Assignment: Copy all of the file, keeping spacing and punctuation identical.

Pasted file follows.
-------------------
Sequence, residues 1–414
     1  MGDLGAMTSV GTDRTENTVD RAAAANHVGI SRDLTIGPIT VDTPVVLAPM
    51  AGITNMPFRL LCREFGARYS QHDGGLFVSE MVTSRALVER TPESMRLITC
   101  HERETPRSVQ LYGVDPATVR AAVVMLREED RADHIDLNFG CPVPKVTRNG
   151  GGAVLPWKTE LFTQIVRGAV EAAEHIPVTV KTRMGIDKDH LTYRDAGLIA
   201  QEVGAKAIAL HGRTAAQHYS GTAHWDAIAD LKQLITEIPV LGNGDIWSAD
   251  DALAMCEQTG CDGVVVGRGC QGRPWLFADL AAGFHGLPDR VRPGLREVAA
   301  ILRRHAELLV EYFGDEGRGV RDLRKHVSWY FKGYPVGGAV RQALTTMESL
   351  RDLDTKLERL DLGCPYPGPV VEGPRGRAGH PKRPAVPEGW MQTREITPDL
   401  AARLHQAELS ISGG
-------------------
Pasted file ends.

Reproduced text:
Sequence, residues 1–414
     1  MGDLGAMTSV GTDRTENTVD RAAAANHVGI SRDLTIGPIT VDTPVVLAPM
    51  AGITNMPFRL LCREFGARYS QHDGGLFVSE MVTSRALVER TPESMRLITC
   101  HERETPRSVQ LYGVDPATVR AAVVMLREED RADHIDLNFG CPVPKVTRNG
   151  GGAVLPWKTE LFTQIVRGAV EAAEHIPVTV KTRMGIDKDH LTYRDAGLIA
   201  QEVGAKAIAL HGRTAAQHYS GTAHWDAIAD LKQLITEIPV LGNGDIWSAD
   251  DALAMCEQTG CDGVVVGRGC QGRPWLFADL AAGFHGLPDR VRPGLREVAA
   301  ILRRHAELLV EYFGDEGRGV RDLRKHVSWY FKGYPVGGAV RQALTTMESL
   351  RDLDTKLERL DLGCPYPGPV VEGPRGRAGH PKRPAVPEGW MQTREITPDL
   401  AARLHQAELS ISGG